Oregon Wine Market Stabilizing
Symposium will address ongoing challenges to grapegrowers
The strongest growth was in wines fetching more than $20 per bottle, a 16.6% increase. A similar trend was emerging for the year as a whole, with nine-month sales to the end of September 2010 rising 11.4% to $50.6 million, up from $45.4 million in the same period of 2009.
"Consumers are feeling more confident about their spending than one year ago, which has resulted in increased consumption," the report noted. Whether the sales are enough to carry Oregon’s wineries forward is another question, however.
Many wineries indicated that incentives, a shift by consumers into cheaper wines and direct-to-consumer sales drove the gains. While the rising dollar value of sales was positive, downward pressure on prices and higher cost for sales are hitting Northwest wineries hard. "A preliminary review of 2010 financials for a number of wineries indicates that, while revenues may be up in 2010, profit margins will be smaller due to ongoing pricing pressure," the report stated.
Sales up, net income down
This is underscored in the most recent quarterly report from publicly traded, 130,000-case Willamette Valley Vineyards Inc., where sales revenue in the three months ended Sept. 30, 2010, increased 5.5% over the same quarter a year earlier, topping $4.6 million, but cost of those sales pushed down gross profits 7.4% and net income by a whopping 30.9%.
A statement included with the quarter’s financials attributed the decrease to the "higher cost of goods relative to prices received." While winery founder and president Jim Bernau was optimistic about the economy, he acknowledged that margins were being squeezed. "The economy is showing signs of life, evidenced by our higher revenues. Now, we just need to work through some high cost of goods to get back to historical gross margins," he said in a statement.
The majority of the Oregon industry may find it takes some time, however, said Kurt Wittman, a vice president with Northwest Farm Credit. A short crop in 2010, combined with above-average labor costs, will conspire to keep margins thin while the current vintage works its way through the market.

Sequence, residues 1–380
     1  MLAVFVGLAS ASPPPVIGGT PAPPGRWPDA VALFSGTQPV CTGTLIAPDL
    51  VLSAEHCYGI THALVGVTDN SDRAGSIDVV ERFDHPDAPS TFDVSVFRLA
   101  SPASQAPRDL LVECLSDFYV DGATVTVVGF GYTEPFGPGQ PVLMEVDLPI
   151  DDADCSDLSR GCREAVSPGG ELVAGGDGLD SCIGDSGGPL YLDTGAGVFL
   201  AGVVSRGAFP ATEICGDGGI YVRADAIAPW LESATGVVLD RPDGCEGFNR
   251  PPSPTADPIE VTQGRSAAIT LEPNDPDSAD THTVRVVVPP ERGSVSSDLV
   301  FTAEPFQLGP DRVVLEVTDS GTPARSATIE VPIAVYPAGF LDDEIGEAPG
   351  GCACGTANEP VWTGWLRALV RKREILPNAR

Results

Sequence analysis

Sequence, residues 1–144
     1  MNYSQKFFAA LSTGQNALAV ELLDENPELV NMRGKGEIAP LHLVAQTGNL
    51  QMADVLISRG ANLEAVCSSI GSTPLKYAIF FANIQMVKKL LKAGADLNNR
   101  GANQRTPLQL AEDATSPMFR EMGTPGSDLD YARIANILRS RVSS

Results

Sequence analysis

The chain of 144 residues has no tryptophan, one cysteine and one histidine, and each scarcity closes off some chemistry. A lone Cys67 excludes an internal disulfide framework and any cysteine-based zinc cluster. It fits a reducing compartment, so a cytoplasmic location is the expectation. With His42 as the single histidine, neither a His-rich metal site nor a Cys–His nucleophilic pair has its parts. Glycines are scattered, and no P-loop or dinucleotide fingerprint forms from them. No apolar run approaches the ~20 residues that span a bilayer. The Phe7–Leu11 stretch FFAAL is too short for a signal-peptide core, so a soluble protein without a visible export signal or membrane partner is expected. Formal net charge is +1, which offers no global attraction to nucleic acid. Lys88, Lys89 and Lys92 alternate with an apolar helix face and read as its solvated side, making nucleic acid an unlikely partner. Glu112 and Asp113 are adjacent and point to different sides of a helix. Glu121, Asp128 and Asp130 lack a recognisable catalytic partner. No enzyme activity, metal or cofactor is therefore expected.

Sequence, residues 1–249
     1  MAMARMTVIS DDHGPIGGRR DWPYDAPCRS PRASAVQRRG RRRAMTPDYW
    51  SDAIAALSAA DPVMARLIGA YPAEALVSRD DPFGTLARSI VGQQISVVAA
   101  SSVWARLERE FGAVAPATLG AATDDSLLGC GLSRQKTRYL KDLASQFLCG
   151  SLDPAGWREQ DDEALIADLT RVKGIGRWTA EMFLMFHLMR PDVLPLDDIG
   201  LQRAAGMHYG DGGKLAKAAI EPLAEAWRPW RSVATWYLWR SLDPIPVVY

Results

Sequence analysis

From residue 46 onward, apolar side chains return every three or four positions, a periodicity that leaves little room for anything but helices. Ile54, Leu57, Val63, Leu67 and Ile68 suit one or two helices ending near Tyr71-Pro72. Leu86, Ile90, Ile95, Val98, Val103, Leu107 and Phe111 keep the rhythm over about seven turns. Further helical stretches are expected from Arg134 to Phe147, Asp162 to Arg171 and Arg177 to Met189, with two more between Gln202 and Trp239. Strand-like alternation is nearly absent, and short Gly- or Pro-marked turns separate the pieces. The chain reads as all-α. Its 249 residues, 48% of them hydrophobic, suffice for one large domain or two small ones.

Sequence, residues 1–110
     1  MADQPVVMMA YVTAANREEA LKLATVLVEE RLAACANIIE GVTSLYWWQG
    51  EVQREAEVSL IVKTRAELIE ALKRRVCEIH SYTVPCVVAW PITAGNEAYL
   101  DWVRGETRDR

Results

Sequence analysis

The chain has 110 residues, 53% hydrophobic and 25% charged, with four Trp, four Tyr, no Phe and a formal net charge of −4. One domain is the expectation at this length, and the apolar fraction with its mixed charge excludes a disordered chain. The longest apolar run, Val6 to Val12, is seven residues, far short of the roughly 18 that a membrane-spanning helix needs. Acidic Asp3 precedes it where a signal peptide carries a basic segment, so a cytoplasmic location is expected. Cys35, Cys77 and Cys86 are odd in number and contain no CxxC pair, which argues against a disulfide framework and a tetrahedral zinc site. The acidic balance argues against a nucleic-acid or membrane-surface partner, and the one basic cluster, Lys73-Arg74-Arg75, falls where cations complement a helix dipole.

“When you have a small-yielding crop, you have fewer units to spread your fixed costs over,” he told Wines & Vines. "If you're sitting on this wine for one, two or three years, those thin margins don’t show up till some time downstream."
Moreover, a conservative attitude among consumers will persist, keeping value brands in favor as the darkest days of the recession slip into the past. Growers will ultimately bear the brunt of this shift.
Dealing with new market dynamic
"The main players are reacting to this new market dynamic by creating new labels at more moderate prices, so there’s this kind of one-time realignment of (costs)," Wittman said. "The pressure in the short-term is probably going to some degree to be on the winery, but to a large degree on the vineyard, because everybody’s trying to source fruit at a lower cost.…There’s a realignment of cost to make that $20 bottle profitable."
Guild Winemakers of Portland has encountered the scenario first-hand with production of its sub-$15-per-bottle négociant wines. Participating winemaker Anne Hubatch said these bottles tap bulk wine in a market where fruit prices are still high. "The bulk wine is still showing cheaper than the fruit. It seems the cost of the grapes has not come down as much as the bulk wine," she told Wines & Vines last fall.
Wittman said the price of fruit is going to challenge some of the newer labels with narrower margins until prices come in line with what consumers are willing to pay, but it’s ultimately growers who are going to foot the bill for the retrenchment taking place.
“The pressure is going to come back to the vineyards—those that don’t have good contracts or good quality fruit are going to struggle,” Wittman said. “They might get rid of their grapes, but they’re going to struggle from a pricing standpoint.”
And selling isn't necessarily an option when vineyard prices are higher than what buyers are offering. Growers and wineries will be able to explore strategies to address the challenges at the Oregon Wine Industry Symposium and other springtime events in southern Oregon.
OWIS will feature the grower-oriented session, Questioning the Norm Amidst Economic and Climatic Changes in the Vineyard, which promises growers information regarding vineyard changes that address "shifting climatic enviro nments while keeping in mind production economics and fruit quality."
Several sessions will address consumer behavior and marketing, including panel discussions focusing on "How Consumers and Their Purchase Drivers are Changing" and reports on the financial and bulk wine markets. "Sell Smarter, Not Harder," will offer a panel discussion of customer-relationship management practices.